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Hydrofracking Dumping Needs to be Considered in Bargaining Chip

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Hydrofracking Waste Disposal Adds More to the Controversy

Safety Issues With Hydrofracking in New York

A Demonstration Against Hydrofracking in New York State. Photo Courtesy of DC Bureau.The moratorium for passing hydrofracking in New York State is in effect until a comprehensive public health and environmental impact assessment be completed by spring 2015; and in the meantime legislation needs to consider wastewater as part of the bargaining chip when deciding the issuance of natural gas drilling permits. There is much confusion among supporters and protestors on the touchy subject of hydrofracking that needs to be filtered out for the public to make informed decisions.

In May, State Senator Cecilia Tkaczyk introduced a bill to ban dumping and pollutants for treatment of hydrofracking waste products in the state. Fracking opponents claim they’ve seen sightings of traffic coming over Pennsylvania’s border, where hydrofracking has been used in the gas-bearing Marcellus Shale region according to Casey Seiler’s article “Bill: Ban fracking pollutants for treatment or dumping in state,” published in the Times Union.

“It simply makes no sense that we would accept hazardous wastes from other states while we are working to determine the environmental impact fracking would have on New York,” Tkaczyk said at a news conference.

The assumption that the lawful transportation and disposal of waste water is a free-for-all activity or somehow a secret said James Smith, a spokesman for the Independent Oil and Gas Association in an email according to the Times Union article is absurd. Case in point is the sewage-treatment plant in Niagara Falls that flows into the Niagara River. Last fall, the city council considered whether to truck in and treat wastewater left over from the natural gas drilling technique. In a unanimous vote, the Niagara Falls City Council banned the treatment, transport, storage and disposal of drilling fluids within city limit.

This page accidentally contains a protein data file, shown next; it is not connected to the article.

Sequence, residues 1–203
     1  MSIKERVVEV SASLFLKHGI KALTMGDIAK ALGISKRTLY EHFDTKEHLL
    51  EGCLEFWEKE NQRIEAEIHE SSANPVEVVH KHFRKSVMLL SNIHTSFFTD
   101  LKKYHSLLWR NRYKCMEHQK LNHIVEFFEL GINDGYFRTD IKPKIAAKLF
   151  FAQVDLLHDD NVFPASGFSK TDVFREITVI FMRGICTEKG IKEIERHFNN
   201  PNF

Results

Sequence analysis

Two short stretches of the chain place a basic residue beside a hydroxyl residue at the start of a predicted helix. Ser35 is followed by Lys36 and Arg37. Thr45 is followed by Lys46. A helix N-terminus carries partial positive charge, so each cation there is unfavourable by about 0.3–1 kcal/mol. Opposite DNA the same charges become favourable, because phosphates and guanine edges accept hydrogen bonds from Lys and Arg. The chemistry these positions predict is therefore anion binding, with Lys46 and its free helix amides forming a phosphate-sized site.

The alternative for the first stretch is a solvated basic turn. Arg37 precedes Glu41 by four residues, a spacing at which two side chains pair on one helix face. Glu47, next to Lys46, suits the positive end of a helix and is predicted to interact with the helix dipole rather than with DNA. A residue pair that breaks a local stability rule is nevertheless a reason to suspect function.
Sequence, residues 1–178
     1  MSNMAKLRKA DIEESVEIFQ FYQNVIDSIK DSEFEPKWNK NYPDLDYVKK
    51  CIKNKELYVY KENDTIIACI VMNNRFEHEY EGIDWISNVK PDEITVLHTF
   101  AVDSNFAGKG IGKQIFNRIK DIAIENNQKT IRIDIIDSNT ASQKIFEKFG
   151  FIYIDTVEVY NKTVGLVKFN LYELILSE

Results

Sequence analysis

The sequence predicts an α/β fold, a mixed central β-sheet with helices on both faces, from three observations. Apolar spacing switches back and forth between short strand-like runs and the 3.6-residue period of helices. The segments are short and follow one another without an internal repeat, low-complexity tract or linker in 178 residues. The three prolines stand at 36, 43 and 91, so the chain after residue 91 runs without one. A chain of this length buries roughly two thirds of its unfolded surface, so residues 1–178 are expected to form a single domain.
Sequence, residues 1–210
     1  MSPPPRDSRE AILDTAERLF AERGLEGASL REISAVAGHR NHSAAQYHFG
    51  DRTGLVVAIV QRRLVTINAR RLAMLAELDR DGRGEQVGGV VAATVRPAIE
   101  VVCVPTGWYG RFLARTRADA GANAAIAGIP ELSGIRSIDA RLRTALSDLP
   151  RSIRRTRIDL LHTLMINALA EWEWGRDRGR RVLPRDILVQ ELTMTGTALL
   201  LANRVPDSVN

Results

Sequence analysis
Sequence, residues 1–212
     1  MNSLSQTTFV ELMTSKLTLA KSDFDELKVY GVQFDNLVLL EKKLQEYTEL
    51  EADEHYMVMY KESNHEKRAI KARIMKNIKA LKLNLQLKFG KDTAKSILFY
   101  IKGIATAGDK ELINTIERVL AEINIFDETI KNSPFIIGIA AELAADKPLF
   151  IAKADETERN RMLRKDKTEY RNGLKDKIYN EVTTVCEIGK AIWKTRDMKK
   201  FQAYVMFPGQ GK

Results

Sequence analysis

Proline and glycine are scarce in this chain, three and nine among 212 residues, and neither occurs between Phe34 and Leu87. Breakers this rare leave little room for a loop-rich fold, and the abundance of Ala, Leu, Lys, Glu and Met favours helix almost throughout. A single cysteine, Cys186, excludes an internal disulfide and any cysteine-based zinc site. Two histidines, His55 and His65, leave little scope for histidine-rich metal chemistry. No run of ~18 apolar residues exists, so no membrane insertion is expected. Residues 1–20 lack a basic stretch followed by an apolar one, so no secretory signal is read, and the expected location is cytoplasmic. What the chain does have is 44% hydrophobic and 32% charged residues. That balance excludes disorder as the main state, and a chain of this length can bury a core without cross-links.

“We’re not going to deal with this again — a chemical disaster,” said the council chairman, Samuel Fruscione, referring to the Love Canal disaster in the New York Times article “Wastewater Becomes Issue in Debate on Gas Drilling,” written by Mireya Navarro.

Wastewater has emerged as an issue from environmental regulators fine-tuning proposed rules governing hydraulic fracturing or fracking, the controversial natural-gas extraction process; celebrities like Yoko Ono and her son Sean Lennon are standing up with their anti-hydrofracking campaign against Governor Andrew Cuomo.

The Federal government has told New York officials that they should not rely on the disposal methods that it now uses for salty wastewater from conventional gas wells that produce less waste than fracking. Most of the state’s drilling waste remains in New York according to the New York Times article, sent to sewage-treatment plants like the one in Auburn. State regulators claim that the waste is also used to de-ice roads or tamp down dust on the pavement.

Another option state officials should consider is building new treatment plants for the fracking industry; but industry representatives state that doing so would depend on if the investment makes economic sense.

“Following the waste stream from a well to ultimate disposal is nearly impossible,” representatives from Environmental Advocates of New York said in the New York Times article.

The small group based in Albany released a report, outlining how the state does not effectively monitor where the waste from nearly 7,000 conventional wells now in operation goes. The group reviewed close to 100 drilling permits and found the state government requested minimal information on waste disposal.

Stuart Gruskin, a former deputy commissioner of the Environmental Conservation Department, had worked on the first draft of the rules. In theory, he said, fracking waste could be disposed of safely; but finding adequate treatment capacity will be the challenge.

“This is going to be a limiting factor in New York,” Gruskin said.

Diana Denner is a Contributor to The Free George. Photo Courtesy of DC Bureau.

The Free George is the online magazine and visitors’ guide of Upstate NY, covering things from Albany to Lake Placid, including Saratoga, the Lake George region and the Adirondacks. Check out our City Blogs section for our extended coverage areas as well.

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